Will Schultz's new plans bring back Starbucks' magic?

Posted by: Burth Helm on March 20, 2008

At yesterday’s annual shareholder meeting, reinstated CEO Howard Schultz announced several new “customer-focused” (let’s just call ‘em “marketing”) initiatives. They show Howard Schultz and his team are as cutting edge as any marketing guru. Their plans includes transforming the in-store experience with a new, waist-high espresso brewing machine (the friendly barista won’t be hidden behind a bulky machine), a sophisticated rewards card program to give customers free coffee and discounts, and a social network, my starbucksidea.com, where users can submit and vote on suggestions for the chain and hear back from Starbucks employees.

But will consumers care that they will now be able to make eye contact with the barista while he or she pulls espresso shots? Will they pay more money for a “Clover” cup, the name for the individually brewed cup of super high-end coffee the chains will soon offer (another announcement)? And will Mystarbucksidea.com actually forge a deeper bond between the chain and its customers? Or do people just want their damn coffee?

As Starbucks shares have plummeted over the last year, the fundamental question about the company is this: is Starbucks still the romantic coffee shop it believes itself to be? Some observers (this writer included) have pointed out that at more than 15,000 stores across the world, including stop-and-go outlets in airports and train stations, Starbucks is a strong business, but a very different one. It’s a mass-market brand, known for reliably serving up a cup on the go – a caffeine “filling station,” as the Wall Street Journal called it.

I think some of the new initiatives, like the rewards program and the website, are smart no matter what kind of brand you have. The first engenders customer loyalty, and both throw off scads of consumer data Starbucks can use to make smart decisions. I can’t wait to see how the other initiatives go. We’ll see if we’re watching the best comeback since Steve Jobs at Apple, or simply another founder paddling against the current, hoping to return his company to what it once was.

Reader Comments

jason

March 21, 2008 7:39 AM

The Clover is a great machine, but like anything in a cafe it is reliant on who programed it, who's operating it, who's set the grinder, and the quality of the coffee. $$$bucks will have quite a task to get all those things right across all their stores.

Dennis

March 21, 2008 10:03 PM

It's easy to throw invectives at someone when you're hiding somewhere in the internet but I really don't think Burt Helm has any idea of what he's writing about. What other kind of company and leadership would offer it's part-time workers health care benefits?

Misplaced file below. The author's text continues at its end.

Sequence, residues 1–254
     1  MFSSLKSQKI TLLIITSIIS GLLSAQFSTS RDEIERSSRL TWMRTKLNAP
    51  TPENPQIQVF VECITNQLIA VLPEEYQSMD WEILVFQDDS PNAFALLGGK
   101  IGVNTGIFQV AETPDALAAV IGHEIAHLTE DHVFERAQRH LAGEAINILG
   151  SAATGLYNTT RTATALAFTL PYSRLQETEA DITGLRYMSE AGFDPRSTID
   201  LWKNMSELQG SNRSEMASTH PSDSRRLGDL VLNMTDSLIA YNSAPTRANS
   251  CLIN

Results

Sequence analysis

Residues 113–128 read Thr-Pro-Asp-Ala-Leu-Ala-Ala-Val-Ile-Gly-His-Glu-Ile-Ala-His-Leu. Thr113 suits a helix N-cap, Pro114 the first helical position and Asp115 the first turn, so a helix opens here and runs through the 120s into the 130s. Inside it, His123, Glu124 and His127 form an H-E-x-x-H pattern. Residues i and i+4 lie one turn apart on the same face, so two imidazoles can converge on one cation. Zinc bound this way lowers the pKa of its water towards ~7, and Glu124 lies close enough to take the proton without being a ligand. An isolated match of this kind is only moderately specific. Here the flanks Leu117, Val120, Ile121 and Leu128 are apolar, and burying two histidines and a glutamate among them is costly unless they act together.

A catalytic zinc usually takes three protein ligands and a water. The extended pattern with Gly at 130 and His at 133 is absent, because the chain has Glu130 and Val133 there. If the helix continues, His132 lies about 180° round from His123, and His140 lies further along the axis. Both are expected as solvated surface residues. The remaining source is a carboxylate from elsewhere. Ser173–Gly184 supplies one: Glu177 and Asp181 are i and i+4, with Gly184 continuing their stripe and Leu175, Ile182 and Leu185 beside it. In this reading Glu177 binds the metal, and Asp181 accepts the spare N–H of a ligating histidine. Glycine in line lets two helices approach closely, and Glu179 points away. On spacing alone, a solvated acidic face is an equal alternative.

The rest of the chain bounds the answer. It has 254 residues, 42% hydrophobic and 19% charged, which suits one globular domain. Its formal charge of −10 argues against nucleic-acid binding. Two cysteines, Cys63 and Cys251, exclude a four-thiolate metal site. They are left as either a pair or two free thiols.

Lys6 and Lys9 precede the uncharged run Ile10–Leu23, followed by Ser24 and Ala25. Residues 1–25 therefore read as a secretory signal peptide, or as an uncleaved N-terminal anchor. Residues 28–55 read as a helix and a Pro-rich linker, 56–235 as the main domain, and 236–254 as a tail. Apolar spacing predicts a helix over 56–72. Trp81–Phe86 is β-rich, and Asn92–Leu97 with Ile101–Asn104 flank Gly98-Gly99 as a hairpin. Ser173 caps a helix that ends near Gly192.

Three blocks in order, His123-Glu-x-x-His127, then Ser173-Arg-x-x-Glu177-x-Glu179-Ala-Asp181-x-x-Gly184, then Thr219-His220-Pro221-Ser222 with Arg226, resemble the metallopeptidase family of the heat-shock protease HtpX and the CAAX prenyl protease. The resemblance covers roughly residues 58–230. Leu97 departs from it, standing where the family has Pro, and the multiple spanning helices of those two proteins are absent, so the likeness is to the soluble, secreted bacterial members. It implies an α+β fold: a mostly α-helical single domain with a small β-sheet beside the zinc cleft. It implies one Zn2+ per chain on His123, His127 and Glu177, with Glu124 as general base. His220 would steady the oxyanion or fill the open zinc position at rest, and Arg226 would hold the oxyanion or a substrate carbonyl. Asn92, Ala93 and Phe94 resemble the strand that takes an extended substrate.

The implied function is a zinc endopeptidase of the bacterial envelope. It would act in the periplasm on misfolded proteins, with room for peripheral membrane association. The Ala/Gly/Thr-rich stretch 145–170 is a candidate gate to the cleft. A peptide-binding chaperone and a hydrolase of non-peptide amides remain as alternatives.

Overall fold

Russ

March 23, 2008 12:16 AM

I WAS a $3.95 (for a triple), two times a day customer... roughly $160.00 per month. No more.

Until they (Starbucks) roll-back prices to a more reasonable level they will continue to see a decline in their customer base. This will result in more need to present higher priced products just to maintain income. Thus resulting in more lost customers.

You are seeing the end of Starbucks...

CAROLE REBUTH

March 26, 2008 12:30 AM

YOUR PRICES ARE MUCH TOO HIGH.YOU SHOULD HAVE A SPECIAL DRINK JUST FOR KIDS.WITH WHIP CREAM AND CHOCOLATE CHIPS ON TOP. NO MORE THEN $150. DON,T BE SO GREEDY AND YOU WILL MAKE MORE MONEY.I HEAR MOTHERS TELL THEIR KIDS THEY CAN'T AFFORD TO BUY EACH OF THEIR CHILDREN A DRINK,SO THEY BUY ONE AND SHARE. I LOVE YOUR CAKES BUT I ONLY BUY ONCE IN A WHILE.

randy payment

April 6, 2008 7:59 PM

Working as a Construction Superintendent, I purchase a venti drip coffee 3-4 times a day.
My suggestion to Starbucks is to either, emboss or print on the inside of your cups, the level of coffee should you want room for cream, or not. The hostess will ask you if you want room, or not, yet will fill your cup to the rim with coffee, leaving no room for cream. Many times, myself and many others will just pour the excess into the trash can as there are no sinks or, drains to do so.
If Starbucks is so adamant about being concerned about the environment, then you ought to consider the amount of water being "dumped" into trash receptacles just to make room for cream,(6-8 customers would produce enough water to fill a "Ethos" water bottle). Not to mention the amount of coffee that is literally, being wasted.
This is not a locally isolated concern as I have encountered the same in other states from Colorado, Texas, New York, New Mexico, Wyoming, New Jersey and Illinois.

Esther

April 9, 2008 5:17 PM


You need to have a day for babyboomers who have come of age..after all everyone else
gives a discount..like Ihop, Ross, etc

We deserve a coffee break after working most of our lives and will still have to
work after retirement, because we cannot
live off SSbenefits...I will be truly shocked if you take this step!

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About

News, opinions, inflammatory meanderings and occasional ravings about the world of advertising, marketing and media. By marketing editor Burt Helm, Innovation Editor Helen Walters, and senior correspondent Michael Arndt.

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